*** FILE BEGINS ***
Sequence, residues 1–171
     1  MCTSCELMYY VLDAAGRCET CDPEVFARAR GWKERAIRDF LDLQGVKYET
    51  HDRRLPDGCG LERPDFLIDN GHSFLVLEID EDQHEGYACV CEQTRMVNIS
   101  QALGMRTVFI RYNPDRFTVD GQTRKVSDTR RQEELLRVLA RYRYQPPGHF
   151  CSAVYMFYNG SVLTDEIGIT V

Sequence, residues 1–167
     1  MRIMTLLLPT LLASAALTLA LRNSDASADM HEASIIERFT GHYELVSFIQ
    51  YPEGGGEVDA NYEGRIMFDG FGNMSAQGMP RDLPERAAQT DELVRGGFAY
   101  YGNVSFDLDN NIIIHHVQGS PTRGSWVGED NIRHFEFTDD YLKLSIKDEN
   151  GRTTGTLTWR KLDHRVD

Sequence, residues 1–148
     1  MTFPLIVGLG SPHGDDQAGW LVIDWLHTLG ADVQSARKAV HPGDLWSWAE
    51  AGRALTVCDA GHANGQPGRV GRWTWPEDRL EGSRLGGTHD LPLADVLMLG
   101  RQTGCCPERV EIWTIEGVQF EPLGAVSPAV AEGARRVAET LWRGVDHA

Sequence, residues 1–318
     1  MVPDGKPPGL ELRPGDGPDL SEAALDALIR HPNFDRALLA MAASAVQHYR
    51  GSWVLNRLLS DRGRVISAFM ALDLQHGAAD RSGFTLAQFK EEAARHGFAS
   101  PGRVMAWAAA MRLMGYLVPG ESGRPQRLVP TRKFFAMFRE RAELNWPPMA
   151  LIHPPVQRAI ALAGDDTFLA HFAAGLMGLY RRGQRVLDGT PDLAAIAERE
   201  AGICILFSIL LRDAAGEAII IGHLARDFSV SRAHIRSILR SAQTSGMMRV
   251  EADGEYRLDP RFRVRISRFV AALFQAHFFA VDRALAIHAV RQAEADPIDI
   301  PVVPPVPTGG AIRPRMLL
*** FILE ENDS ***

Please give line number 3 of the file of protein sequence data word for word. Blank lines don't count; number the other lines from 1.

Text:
    51  HDRRLPDGCG LERPDFLIDN GHSFLVLEID EDQHEGYACV CEQTRMVNIS